For the last 34 years, the policy quota has given 84 percent of cod caught in British territory to the country’s southern neighbour, according to Britain’s National Federation of Fishermen’s Organisations (NFFO).
The quota system is one of the biggest sources of frustration for British fishermen, who were among the most vocal supporters of the historic June 2016 vote to leave the EU.
Since the then-Prime Minister Edward Heath allowed foreign vessels into UK waters in a late concession to seal the deal of joining the bloc in 1973, the development of the EU’s fisheries policy has sparked fury among British fishermen.
The common policy also means 66 percent of haddock caught in the southwest of England has gone to France since it was launched while 10 percent goes to France.
At the moment 60 percent of Britain’s fishing stock, worth £650million a year, is caught by vessels from EU nations.
Under the Common Fisheries Policy, EU vessels caught 10 times more fish from our EU waters than Britain did in EU waters in 2016.
Environment Secretary Michael Gove confirmed in June that after Brexit, British fishermen will have exclusive rights to fish in a 12-mile zone around our coast.
NFFO chief executive Barrie Deas said: “Given the EU fleets take about four times as much fish out of UK waters as we take out of EU waters… the expectation is there will be a lot more fish (for UK fisherman).”
As Britain prepares to negotiate a two-year transition agreement with Brussels, fishermen believe they may be getting a raw deal.
The arrangement proposed by the bloc would leave the UK in the EU’s common fisheries policy for at least the next two years but without a seat at the table to defend its interests in crucial negotiations.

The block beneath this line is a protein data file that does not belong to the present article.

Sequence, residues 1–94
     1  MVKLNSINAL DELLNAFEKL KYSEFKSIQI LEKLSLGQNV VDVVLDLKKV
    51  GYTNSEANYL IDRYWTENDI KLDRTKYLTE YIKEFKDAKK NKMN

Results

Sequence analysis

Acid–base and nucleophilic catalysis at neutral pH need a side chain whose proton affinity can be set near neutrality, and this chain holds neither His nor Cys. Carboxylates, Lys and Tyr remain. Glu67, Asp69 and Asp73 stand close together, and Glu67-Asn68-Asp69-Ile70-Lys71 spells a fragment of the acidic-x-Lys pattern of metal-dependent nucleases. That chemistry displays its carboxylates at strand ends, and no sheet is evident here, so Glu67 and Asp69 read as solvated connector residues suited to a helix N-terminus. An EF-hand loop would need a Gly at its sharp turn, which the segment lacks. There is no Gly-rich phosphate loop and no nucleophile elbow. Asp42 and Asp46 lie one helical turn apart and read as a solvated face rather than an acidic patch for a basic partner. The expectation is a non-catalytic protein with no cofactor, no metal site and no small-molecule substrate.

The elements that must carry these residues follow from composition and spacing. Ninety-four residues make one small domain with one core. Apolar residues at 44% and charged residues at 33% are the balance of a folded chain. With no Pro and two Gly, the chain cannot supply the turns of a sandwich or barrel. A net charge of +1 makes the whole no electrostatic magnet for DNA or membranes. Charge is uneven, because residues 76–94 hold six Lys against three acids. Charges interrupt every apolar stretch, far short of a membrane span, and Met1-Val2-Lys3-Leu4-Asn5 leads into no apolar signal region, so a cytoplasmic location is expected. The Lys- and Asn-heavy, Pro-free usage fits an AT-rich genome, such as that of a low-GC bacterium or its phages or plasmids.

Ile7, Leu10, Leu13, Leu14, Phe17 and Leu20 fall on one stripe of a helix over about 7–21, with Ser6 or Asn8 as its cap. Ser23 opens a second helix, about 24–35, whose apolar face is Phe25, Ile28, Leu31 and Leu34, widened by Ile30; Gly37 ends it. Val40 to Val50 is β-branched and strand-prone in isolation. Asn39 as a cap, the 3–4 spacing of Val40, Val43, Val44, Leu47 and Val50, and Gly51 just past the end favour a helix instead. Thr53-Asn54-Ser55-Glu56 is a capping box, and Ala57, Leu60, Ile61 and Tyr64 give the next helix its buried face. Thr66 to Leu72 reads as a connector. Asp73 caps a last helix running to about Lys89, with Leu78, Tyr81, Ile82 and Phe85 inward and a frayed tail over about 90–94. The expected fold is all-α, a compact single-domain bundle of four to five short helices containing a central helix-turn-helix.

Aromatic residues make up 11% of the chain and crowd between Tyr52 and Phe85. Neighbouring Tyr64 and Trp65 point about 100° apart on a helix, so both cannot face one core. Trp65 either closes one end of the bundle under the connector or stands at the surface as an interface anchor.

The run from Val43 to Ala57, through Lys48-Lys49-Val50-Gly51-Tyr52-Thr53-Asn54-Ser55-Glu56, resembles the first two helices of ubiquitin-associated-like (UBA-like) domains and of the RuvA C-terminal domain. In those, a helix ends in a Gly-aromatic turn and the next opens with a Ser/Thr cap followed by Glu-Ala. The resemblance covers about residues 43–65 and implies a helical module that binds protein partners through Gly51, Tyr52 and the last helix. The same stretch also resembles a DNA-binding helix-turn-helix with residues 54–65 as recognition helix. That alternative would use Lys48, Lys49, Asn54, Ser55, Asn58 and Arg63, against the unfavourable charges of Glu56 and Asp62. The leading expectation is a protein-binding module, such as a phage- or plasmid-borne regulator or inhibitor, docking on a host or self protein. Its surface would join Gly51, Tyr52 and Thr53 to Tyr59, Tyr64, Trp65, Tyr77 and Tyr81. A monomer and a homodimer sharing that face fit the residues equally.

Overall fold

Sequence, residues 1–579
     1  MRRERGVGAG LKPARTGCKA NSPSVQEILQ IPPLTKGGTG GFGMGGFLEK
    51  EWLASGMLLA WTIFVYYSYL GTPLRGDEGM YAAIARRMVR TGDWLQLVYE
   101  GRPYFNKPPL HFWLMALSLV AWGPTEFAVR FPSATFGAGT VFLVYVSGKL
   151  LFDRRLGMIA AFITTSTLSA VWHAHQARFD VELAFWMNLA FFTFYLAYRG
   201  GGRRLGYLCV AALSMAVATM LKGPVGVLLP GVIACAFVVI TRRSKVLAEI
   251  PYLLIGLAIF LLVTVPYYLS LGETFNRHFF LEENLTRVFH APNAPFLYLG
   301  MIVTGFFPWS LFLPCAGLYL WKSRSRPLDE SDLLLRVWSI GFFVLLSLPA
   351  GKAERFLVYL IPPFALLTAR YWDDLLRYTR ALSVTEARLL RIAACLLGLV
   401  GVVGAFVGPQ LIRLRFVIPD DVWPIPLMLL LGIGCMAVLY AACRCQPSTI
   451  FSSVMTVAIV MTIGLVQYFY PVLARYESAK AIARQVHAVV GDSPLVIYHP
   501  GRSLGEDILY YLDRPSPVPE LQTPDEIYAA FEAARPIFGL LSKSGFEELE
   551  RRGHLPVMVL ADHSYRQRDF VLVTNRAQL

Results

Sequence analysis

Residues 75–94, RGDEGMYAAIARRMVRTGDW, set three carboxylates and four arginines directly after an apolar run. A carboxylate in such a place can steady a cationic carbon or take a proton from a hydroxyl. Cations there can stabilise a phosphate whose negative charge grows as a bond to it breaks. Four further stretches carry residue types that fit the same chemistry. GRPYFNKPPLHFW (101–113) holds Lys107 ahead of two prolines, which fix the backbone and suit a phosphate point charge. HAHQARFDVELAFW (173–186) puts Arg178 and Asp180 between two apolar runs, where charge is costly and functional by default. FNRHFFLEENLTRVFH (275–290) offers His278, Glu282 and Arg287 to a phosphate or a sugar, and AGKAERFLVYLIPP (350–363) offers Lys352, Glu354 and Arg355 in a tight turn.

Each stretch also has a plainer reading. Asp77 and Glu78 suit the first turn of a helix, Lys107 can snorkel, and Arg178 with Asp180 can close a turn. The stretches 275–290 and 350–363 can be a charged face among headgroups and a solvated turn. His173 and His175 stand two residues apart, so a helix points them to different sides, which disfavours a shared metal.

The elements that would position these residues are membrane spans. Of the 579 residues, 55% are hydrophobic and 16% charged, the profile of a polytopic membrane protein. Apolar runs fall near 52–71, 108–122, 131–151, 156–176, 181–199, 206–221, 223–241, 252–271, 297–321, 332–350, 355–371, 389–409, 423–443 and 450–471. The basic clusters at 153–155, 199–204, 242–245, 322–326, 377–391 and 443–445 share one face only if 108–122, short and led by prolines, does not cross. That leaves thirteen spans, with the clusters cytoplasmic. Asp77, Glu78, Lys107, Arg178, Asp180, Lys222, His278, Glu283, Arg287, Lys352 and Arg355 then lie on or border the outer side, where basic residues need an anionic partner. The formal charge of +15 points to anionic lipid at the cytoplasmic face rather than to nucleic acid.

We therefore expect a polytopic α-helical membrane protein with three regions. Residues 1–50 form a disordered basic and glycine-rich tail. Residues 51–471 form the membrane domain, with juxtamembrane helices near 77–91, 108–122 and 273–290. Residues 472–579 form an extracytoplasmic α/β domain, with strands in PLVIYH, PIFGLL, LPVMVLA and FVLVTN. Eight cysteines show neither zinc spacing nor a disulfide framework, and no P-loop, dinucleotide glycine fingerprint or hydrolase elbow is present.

British fishermen say they would be at the whim of rivals from France and Spain, for example, when it comes to dividing quotas and agreeing regulations.
David Stevens, a fisherman based in Newlyn, a Cornish fishing village that hugs the coast next to Penzance, told The Financial Times: “They would absolutely rip us to shreds. It would be insane.
“It’s something that will never be forgotten.
“We don’t want to be betrayed again. We’ve waited for this opportunity to come for years.”
Paul Trebilcock, head of the Cornish Fish Producers Organisation, said: “If you were kind, the French defended their interests very well.
“Or, another way is: they did cheat and stole from the UK and we’ve suffered ever since.”
Brussels has promised to accommodate the UK during the transition period — even if it will no longer have a formal say in the all-important December fisheries council, an annual gathering where quotas are carved up.